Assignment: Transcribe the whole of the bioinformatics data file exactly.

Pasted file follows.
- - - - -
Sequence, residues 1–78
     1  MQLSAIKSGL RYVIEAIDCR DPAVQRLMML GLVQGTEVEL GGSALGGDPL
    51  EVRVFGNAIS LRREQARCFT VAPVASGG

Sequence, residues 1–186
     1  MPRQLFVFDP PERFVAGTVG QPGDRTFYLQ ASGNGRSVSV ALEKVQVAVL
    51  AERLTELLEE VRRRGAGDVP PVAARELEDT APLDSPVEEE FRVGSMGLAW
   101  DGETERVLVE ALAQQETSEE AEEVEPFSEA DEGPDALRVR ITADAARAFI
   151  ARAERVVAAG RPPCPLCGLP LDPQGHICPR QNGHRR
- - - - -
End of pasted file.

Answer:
Sequence, residues 1–78
     1  MQLSAIKSGL RYVIEAIDCR DPAVQRLMML GLVQGTEVEL GGSALGGDPL
    51  EVRVFGNAIS LRREQARCFT VAPVASGG

Sequence, residues 1–186
     1  MPRQLFVFDP PERFVAGTVG QPGDRTFYLQ ASGNGRSVSV ALEKVQVAVL
    51  AERLTELLEE VRRRGAGDVP PVAARELEDT APLDSPVEEE FRVGSMGLAW
   101  DGETERVLVE ALAQQETSEE AEEVEPFSEA DEGPDALRVR ITADAARAFI
   151  ARAERVVAAG RPPCPLCGLP LDPQGHICPR QNGHRR